"'Move up a little further, daughter,' said the King. She did not stir.
"'Move up, don't be shy,' said the King.
"'Move up, there is nothing to happen you,' said the man with the axe, whispering to her.
"She did nothing at all but to let her cloak fall back down on the floor, and to make one spring at the beard of the big man who was on the King's left, and to begin to tug at the beard, just as she did to the man of the colt the night of the fair. The second pull she made at the beard, it came away in her hands in one piece, beard, hair, gold band and all, and who should she have there alive in the flesh but honest Sheeghy!
"'Aha! you thief of the black gallows!' said she, 'hand me out here at once my money that you tricked out of me in the name of the King.'
"In an instant there were twenty hands raised over them, and a drawn sword in every one of the hands.
"'Do not strike him,' said the King. 'Arrest him.—Where are you from, daughter?' said the king.
"She flung herself on her knees before the King.
"'From Munster, my King,' said she, 'and that man came the other day to my father's house and he said he was buying horses for you, my King, and he bought all the horses that were in the fair that day, and he paid false money for them, and he showed me your ring, my King, and he said he had not money enough to pay for all he had bought, and he asked me to give him three hundred pounds in your name, my King, and I gave it to him. I had hardly given it to him when Shiana found out that he was a thief, and he sent Cormac after him. But Cormac failed to overtake him. And indeed it was no wonder he failed seeing that the fellow was sitting snug in here with long grey hair on him and a long, grey beard. Look at that!'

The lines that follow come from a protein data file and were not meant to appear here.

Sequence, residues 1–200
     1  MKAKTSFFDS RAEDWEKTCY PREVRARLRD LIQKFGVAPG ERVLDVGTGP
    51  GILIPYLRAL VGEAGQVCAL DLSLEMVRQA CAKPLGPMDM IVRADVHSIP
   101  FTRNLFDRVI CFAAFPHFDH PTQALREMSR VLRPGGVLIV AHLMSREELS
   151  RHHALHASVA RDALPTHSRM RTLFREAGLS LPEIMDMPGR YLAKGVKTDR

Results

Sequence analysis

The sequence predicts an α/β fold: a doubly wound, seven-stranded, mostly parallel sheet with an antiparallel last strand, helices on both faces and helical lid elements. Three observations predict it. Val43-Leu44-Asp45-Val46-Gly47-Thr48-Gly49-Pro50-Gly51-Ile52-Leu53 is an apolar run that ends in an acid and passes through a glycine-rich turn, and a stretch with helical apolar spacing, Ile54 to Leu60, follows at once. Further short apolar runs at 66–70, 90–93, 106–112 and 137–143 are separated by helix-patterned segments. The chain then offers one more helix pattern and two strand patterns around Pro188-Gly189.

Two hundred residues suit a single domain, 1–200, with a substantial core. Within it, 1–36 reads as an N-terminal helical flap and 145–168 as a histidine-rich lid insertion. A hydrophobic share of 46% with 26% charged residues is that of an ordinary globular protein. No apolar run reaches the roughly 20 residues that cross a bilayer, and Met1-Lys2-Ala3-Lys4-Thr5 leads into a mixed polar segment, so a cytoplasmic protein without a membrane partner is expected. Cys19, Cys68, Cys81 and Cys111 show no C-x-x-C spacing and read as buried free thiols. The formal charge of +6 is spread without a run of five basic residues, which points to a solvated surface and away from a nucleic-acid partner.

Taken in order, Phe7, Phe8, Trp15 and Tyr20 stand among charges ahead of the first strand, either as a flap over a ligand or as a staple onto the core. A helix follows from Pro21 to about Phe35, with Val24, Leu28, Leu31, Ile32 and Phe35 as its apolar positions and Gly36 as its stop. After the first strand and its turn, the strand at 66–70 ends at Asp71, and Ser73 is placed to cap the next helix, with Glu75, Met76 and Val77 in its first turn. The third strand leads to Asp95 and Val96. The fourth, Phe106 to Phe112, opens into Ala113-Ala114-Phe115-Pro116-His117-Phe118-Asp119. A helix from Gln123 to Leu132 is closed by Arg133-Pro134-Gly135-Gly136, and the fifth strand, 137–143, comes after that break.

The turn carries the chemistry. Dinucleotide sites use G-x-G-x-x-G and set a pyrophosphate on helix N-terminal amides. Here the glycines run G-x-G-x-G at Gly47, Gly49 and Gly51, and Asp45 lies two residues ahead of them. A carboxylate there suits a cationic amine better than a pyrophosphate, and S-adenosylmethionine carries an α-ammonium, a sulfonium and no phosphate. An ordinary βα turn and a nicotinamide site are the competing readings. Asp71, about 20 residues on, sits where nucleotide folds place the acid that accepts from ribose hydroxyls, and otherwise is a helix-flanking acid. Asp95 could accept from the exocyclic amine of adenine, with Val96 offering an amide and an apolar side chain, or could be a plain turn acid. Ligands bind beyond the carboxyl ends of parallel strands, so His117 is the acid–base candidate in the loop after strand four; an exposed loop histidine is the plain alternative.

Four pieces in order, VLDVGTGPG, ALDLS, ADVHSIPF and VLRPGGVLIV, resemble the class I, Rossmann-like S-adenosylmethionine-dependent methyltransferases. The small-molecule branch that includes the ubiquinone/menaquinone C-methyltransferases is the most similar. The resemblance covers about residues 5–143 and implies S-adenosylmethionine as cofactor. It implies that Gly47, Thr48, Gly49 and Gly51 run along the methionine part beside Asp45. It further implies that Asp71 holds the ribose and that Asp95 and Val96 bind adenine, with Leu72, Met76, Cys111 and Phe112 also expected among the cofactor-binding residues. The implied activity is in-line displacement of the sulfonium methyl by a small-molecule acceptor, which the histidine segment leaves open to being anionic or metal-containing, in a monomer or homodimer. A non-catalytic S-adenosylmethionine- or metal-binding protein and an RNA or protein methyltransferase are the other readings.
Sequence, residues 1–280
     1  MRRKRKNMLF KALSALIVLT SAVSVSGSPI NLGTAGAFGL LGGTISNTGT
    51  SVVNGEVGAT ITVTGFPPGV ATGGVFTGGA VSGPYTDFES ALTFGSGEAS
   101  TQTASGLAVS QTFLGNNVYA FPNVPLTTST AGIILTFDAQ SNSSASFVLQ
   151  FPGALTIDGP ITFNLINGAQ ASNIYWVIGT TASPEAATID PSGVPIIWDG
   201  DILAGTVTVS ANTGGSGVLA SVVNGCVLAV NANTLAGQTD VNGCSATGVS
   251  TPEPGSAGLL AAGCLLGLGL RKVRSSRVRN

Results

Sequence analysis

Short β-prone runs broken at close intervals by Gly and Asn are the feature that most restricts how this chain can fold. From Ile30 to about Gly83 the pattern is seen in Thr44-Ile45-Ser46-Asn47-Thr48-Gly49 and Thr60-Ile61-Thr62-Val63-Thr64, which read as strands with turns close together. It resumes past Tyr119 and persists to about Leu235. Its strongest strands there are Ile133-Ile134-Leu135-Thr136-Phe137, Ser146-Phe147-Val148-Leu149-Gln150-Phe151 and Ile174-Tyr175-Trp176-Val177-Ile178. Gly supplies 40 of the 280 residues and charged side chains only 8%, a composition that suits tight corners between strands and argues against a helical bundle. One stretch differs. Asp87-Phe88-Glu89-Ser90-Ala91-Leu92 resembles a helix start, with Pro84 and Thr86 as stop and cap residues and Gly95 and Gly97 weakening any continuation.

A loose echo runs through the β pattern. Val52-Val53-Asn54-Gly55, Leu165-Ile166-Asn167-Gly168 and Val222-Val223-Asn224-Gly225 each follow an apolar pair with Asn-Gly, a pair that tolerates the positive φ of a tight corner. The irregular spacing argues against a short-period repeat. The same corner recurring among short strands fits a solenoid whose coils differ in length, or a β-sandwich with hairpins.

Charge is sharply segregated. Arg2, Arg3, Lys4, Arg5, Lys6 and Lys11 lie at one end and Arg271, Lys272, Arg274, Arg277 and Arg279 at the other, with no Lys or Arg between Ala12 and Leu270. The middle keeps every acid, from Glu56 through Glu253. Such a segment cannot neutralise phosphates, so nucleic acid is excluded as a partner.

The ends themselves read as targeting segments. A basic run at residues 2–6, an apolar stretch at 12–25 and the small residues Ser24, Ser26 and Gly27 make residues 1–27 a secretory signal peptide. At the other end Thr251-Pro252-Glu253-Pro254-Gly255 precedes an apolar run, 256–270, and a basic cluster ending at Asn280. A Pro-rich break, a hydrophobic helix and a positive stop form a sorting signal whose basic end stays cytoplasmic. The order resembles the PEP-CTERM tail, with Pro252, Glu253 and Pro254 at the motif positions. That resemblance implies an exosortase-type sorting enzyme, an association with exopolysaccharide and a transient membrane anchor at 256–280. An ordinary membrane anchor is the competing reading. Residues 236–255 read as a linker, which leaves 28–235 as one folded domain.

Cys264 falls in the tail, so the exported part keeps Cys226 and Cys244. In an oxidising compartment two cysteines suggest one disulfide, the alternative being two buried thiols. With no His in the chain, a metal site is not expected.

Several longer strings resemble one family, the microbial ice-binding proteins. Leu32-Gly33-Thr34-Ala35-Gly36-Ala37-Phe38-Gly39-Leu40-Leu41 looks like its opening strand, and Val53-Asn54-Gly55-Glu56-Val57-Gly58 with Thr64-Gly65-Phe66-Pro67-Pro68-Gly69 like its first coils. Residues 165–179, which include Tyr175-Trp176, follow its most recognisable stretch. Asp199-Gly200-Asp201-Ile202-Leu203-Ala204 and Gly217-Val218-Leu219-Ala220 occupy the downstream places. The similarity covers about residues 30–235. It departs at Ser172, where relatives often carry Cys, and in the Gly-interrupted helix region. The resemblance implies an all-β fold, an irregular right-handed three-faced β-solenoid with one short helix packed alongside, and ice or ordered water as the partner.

"'Gently, daughter,' said the King. 'Who is Cormac?'
"'The bailiff we have, my King,' said she.
"'Where is he now?' said the King.
"'He is outside at the gate, my King,' said she.
"'Bring him in,' said the King.
"He was brought in, and indeed, Father, Ulick Burke says that if you had only one laugh in you, you would give it out if you were to see the two eyes Cormac showed, and the wonder and amazement that came upon him, when he saw Sive on her knees before the King, and that mass of hair and beard in her hands, and her cloak behind her on the ground, and the man who went walking the fair with her, standing there above, a prisoner, and the man with the battle-axe standing behind him ready to split his head with the axe if he stirred.
"'Bailiff," said the King, 'who is that man?'
"'That, my King,' said Cormac, 'is the man who bought the horses at the Well Fair in Munster, and who paid the false money for them. There were four of them, and three of them were caught, but we failed to come up with this one. And I don't think there is a corner in this city, nor perhaps in all Ireland, in which there are not people this moment searching for him. Word must be sent out at once to tell them that he has been caught, and not to have poor men killing themselves any longer running after him where he is not to be found.'
"'One moment, bailiff,' said the King. 'I think you are under a slight mistake.'
"'Oh, no, my King,' said Cormac.
"'Yes,' said the King, 'I believe you are, because it is not on you the duty lies of keeping the sky and the ground asunder.'